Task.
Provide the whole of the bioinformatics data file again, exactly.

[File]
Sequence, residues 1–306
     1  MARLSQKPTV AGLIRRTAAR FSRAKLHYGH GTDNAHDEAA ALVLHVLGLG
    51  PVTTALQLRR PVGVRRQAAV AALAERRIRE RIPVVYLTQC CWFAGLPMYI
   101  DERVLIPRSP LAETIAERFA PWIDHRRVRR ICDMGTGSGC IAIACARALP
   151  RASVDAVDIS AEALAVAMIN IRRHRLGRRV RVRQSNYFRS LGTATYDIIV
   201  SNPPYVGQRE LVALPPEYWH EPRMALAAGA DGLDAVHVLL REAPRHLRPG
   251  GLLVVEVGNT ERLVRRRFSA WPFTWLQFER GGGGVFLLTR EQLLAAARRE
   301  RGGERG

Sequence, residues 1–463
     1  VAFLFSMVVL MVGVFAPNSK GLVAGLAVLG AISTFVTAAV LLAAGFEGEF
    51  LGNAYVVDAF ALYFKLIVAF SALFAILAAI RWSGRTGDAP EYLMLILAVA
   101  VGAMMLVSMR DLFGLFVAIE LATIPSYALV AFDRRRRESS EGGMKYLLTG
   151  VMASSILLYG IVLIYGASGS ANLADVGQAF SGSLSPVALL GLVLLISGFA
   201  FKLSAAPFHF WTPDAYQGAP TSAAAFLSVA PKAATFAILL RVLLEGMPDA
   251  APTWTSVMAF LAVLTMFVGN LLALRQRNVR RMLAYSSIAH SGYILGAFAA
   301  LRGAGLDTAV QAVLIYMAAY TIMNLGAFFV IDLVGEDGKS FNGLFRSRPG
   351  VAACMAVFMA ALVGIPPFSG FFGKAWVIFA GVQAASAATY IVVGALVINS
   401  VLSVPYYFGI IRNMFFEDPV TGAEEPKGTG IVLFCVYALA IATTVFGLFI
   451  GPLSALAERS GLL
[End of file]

Sequence, residues 1–306
     1  MARLSQKPTV AGLIRRTAAR FSRAKLHYGH GTDNAHDEAA ALVLHVLGLG
    51  PVTTALQLRR PVGVRRQAAV AALAERRIRE RIPVVYLTQC CWFAGLPMYI
   101  DERVLIPRSP LAETIAERFA PWIDHRRVRR ICDMGTGSGC IAIACARALP
   151  RASVDAVDIS AEALAVAMIN IRRHRLGRRV RVRQSNYFRS LGTATYDIIV
   201  SNPPYVGQRE LVALPPEYWH EPRMALAAGA DGLDAVHVLL REAPRHLRPG
   251  GLLVVEVGNT ERLVRRRFSA WPFTWLQFER GGGGVFLLTR EQLLAAARRE
   301  RGGERG

Sequence, residues 1–463
     1  VAFLFSMVVL MVGVFAPNSK GLVAGLAVLG AISTFVTAAV LLAAGFEGEF
    51  LGNAYVVDAF ALYFKLIVAF SALFAILAAI RWSGRTGDAP EYLMLILAVA
   101  VGAMMLVSMR DLFGLFVAIE LATIPSYALV AFDRRRRESS EGGMKYLLTG
   151  VMASSILLYG IVLIYGASGS ANLADVGQAF SGSLSPVALL GLVLLISGFA
   201  FKLSAAPFHF WTPDAYQGAP TSAAAFLSVA PKAATFAILL RVLLEGMPDA
   251  APTWTSVMAF LAVLTMFVGN LLALRQRNVR RMLAYSSIAH SGYILGAFAA
   301  LRGAGLDTAV QAVLIYMAAY TIMNLGAFFV IDLVGEDGKS FNGLFRSRPG
   351  VAACMAVFMA ALVGIPPFSG FFGKAWVIFA GVQAASAATY IVVGALVINS
   401  VLSVPYYFGI IRNMFFEDPV TGAEEPKGTG IVLFCVYALA IATTVFGLFI
   451  GPLSALAERS GLL